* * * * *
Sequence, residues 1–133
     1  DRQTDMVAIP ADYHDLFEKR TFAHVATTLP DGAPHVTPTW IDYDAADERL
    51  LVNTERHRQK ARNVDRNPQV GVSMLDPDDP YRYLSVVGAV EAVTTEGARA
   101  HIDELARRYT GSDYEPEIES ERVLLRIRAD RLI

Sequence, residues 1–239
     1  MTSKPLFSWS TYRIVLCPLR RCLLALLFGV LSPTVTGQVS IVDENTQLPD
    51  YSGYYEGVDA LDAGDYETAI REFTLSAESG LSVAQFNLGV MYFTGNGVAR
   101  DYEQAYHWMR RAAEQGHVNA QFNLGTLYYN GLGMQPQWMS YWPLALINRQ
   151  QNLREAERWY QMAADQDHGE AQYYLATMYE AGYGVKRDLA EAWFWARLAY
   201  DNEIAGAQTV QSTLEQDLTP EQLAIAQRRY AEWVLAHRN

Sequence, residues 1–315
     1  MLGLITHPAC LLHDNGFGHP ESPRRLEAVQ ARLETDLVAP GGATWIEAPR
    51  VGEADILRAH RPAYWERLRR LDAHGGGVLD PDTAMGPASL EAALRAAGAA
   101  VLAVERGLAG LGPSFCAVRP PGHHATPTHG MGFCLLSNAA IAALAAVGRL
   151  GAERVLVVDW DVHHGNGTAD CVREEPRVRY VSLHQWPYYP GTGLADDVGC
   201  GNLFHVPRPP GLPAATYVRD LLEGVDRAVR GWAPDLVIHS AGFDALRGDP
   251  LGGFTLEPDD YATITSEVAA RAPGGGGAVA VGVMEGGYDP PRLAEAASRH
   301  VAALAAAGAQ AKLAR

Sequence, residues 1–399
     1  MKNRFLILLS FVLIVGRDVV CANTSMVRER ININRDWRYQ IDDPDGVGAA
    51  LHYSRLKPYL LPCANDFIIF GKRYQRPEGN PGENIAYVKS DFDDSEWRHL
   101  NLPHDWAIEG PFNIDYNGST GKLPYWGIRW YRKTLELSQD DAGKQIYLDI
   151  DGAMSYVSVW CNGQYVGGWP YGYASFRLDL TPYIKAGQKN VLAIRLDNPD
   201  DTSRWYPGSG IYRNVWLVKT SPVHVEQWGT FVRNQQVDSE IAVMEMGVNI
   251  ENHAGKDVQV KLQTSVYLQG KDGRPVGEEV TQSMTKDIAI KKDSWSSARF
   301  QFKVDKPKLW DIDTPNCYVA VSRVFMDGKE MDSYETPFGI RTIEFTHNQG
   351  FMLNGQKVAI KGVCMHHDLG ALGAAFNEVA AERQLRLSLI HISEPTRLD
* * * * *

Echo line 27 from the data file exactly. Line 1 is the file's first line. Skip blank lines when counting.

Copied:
   351  FMLNGQKVAI KGVCMHHDLG ALGAAFNEVA AERQLRLSLI HISEPTRLD